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Alan K. Lamm

Civil War army chaplain and Baptist minister, was born in North Branford, near New Haven, Connecticut, to Ruel and Jereusha Asher. His paternal grandfather had been captured in the Guinea region of Africa at the age of four and was brought to America as a slave. Young Jeremiah grew up hearing fascinating tales of his grandfather's life, which included military service during the American Revolutionary War. Those stories would later inspire Asher in his own life.

Asher's father was a shoemaker who married a Native American woman from Hartford, Connecticut. Jeremiah grew up as a member of the only African American family in North Branford and was permitted to attend school along with white children. At the age of twelve he left school to help out his family financially, and over the next several years he worked as a farmhand, servant, and coachman. In 1833 he married Abigail Stewart ...


Kathryn Grover

the first officially designated black chaplain in the Union army, was born free in Norfolk, Virginia. His father and grandfather, Henry Jackson Sr. and Jr., had been vessel pilots on the rivers flowing into Chesapeake Bay; Jackson's father had been freed in 1811 and during the War of 1812 ran the British blockade. According to an unpublished 1848 autobiography William Jackson “learned all the arts of steamboating from the kitchen to the cabins from there to the machinery,” and until Nat Turner's 1831 insurrection Jackson worked in the barrooms of the steamers and freighters that traveled between Norfolk and both Baltimore and Charleston. Jackson's father, stung by laws curtailing the assembly of free blacks after the Turner revolt, went to Philadelphia to find shelter for the family, and his son followed in 1832.

From 1834 to 1835 Jackson served in the U.S. Navy onboard the sloop Vandalia ...


Patricia J. Thompson

Methodist minister, antislavery activist, and chaplain in the Civil War, was born in Norfolk, Connecticut, the son of former slaves, Jupiter and Fannie Mars.

Since his parents had escaped from their master, a Presbyterian minister, prior to his birth, John N. Mars grew up as a free man and was able to obtain six months of formal schooling. His brother James, however, born before their parents escape, remained a slave until his twenty-first birthday.

At age nineteen Mars left Connecticut and traveled to Spencertown and Ghent, New York, where he lived and worked for a number of years. Around 1824 he married Silvia Gordon and they had two sons, John S. (born c. 1832) and George (born c. 1835).

While living in the area Mars was converted in the Methodist Episcopal Church MEC and soon began to experience a call to preach He ...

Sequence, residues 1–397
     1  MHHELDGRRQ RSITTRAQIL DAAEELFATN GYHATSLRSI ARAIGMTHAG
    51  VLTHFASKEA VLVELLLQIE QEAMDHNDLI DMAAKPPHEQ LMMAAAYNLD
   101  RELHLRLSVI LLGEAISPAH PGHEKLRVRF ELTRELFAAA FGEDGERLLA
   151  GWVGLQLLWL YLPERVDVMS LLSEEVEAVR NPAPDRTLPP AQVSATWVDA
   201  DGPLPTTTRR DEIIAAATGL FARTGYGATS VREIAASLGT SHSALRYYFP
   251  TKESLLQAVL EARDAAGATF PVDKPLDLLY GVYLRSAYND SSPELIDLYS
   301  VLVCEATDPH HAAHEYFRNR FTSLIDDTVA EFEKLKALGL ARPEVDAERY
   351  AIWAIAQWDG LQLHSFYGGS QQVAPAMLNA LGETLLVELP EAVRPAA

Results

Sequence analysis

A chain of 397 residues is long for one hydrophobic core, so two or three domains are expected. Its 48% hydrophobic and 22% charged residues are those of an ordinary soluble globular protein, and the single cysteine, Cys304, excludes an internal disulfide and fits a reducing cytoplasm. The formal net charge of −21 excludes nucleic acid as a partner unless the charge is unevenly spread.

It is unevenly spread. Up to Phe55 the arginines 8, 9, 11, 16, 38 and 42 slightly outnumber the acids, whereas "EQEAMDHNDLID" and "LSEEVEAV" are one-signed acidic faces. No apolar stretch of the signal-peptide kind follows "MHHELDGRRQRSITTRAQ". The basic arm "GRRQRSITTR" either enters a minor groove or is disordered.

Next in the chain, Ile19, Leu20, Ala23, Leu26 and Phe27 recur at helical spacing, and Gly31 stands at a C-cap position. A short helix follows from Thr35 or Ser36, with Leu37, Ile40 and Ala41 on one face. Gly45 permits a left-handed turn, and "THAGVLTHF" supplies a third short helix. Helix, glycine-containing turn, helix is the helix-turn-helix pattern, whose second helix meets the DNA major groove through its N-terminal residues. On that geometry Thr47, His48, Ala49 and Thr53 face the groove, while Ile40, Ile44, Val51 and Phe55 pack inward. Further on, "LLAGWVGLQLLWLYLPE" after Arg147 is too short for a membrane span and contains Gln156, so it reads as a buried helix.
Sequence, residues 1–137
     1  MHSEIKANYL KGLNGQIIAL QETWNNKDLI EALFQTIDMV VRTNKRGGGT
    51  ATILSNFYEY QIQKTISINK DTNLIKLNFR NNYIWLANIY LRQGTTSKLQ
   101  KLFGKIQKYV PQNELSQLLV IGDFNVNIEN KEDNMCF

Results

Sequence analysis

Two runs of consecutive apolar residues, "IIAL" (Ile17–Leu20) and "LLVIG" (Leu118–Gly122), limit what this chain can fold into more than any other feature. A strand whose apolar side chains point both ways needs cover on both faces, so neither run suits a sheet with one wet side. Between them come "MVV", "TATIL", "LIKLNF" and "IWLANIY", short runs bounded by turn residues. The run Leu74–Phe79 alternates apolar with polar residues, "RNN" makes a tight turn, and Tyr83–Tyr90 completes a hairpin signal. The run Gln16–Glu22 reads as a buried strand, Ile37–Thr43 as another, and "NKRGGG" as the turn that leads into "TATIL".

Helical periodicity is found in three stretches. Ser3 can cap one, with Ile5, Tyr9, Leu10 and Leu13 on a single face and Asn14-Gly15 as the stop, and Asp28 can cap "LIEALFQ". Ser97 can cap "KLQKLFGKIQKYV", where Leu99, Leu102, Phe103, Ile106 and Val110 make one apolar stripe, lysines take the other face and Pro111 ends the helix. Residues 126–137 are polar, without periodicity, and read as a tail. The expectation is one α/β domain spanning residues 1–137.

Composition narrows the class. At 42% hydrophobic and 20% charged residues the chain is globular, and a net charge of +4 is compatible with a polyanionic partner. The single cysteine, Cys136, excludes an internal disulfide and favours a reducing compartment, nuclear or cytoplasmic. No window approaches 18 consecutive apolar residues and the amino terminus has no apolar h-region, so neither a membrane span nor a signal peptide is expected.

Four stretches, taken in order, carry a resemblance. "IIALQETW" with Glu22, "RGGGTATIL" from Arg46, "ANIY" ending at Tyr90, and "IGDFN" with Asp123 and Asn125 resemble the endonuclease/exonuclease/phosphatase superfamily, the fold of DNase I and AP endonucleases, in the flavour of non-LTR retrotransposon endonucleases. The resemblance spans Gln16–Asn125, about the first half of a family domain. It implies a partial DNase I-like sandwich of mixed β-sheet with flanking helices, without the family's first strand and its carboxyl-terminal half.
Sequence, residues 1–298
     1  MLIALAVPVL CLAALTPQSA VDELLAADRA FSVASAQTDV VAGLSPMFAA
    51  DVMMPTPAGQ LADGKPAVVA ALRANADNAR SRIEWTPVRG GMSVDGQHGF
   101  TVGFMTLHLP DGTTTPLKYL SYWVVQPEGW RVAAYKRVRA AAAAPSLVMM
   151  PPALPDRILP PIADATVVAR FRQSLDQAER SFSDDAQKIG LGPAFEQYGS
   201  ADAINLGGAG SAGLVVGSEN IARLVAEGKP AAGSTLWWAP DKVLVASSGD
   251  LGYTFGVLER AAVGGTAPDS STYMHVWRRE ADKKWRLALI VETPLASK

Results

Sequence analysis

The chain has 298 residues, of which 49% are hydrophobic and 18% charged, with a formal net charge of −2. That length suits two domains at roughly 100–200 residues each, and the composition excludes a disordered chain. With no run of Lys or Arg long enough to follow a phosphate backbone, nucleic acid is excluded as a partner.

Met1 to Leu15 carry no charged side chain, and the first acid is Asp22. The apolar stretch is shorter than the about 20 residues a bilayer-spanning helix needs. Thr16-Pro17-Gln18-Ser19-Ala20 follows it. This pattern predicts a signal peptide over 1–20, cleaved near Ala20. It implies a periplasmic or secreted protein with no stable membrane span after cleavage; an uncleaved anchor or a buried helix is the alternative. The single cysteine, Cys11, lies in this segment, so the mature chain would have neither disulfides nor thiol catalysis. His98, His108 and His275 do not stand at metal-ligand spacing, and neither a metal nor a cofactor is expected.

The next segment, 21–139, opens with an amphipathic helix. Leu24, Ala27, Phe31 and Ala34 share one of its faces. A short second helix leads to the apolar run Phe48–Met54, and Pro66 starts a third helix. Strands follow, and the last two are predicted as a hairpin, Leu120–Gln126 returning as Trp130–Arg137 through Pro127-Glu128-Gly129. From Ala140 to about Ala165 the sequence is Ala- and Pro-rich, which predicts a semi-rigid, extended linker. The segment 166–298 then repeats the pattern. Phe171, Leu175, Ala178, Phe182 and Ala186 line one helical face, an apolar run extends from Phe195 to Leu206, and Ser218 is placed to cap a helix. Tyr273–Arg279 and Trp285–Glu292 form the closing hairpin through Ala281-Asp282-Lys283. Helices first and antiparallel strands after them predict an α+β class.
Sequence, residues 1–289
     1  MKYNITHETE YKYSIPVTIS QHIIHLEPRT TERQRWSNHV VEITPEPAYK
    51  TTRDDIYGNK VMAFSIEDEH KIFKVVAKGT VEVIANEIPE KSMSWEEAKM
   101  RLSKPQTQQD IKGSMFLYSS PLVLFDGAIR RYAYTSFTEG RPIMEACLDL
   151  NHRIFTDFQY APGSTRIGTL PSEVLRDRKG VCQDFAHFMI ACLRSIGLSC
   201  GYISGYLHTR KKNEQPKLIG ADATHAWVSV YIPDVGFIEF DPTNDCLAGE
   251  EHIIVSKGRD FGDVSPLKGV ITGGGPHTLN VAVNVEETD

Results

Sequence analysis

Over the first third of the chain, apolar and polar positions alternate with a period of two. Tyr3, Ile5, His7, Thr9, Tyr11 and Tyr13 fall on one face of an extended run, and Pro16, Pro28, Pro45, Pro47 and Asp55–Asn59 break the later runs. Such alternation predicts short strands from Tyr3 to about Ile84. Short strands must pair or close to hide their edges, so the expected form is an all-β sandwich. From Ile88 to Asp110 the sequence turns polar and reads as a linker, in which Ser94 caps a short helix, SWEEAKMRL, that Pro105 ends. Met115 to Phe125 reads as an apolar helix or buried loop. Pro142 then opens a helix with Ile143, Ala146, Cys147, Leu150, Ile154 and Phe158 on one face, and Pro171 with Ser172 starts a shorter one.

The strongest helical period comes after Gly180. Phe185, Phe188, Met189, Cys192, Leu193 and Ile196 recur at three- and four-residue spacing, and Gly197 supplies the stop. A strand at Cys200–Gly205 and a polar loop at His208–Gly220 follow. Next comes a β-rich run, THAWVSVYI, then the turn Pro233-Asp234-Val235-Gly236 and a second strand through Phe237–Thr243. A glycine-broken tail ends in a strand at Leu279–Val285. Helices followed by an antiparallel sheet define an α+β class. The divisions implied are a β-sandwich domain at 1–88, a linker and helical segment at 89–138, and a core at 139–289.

Alan K. Lamm

Buffalo Soldier, U.S. Army chaplain, and African Methodist Episcopal (AME) pastor, was born a slave in Charleston, South Carolina, to L. S. and Susan Prioleau. After the Civil War he was educated at Charleston's public schools and Avery Institute. He then entered Claflin College in Orangeburg, South Carolina, and in the winter months taught school at the Lyons Township in Orangeburg County. During the same period he joined the AME Church at St. Matthews, South Carolina, where his father served as pastor. Young Prioleau assisted his father and was eventually ordained.

After completing his education at Claflin in 1875, Prioleau served as pastor of the Double Springs Mission in Laurens County, South Carolina. In 1880 he entered Wilberforce University in Ohio where he pursued the bachelor of divinity degree He helped pay for his studies by working as a farmhand in nearby Green and Clark counties ...


Daniel W. Hamilton

Reconstruction politician, civil rights leader, and murder victim, was born free in Kentucky, the child of parents of mixed ethnicity whose names are unknown. When he was a child Randolph's family moved to Ohio, where he was educated in local schools. In 1854 he entered Oberlin College's preparatory department, before attending the college from 1857 to 1862. At Oberlin Randolph received instruction both in the liberal arts and at the college's theological seminary. Soon after graduation he was ordained as a Methodist Episcopal minister. During the Civil War Randolph served as a chaplain in the Twenty-sixth Colored Infantry, which was dispatched to Hilton Head, South Carolina, in 1864.

After the war ended in 1865 Randolph applied for a position with the Freedmen s Bureau He was not initially given an appointment but was instead sent to South Carolina by the American Missionary Association a ...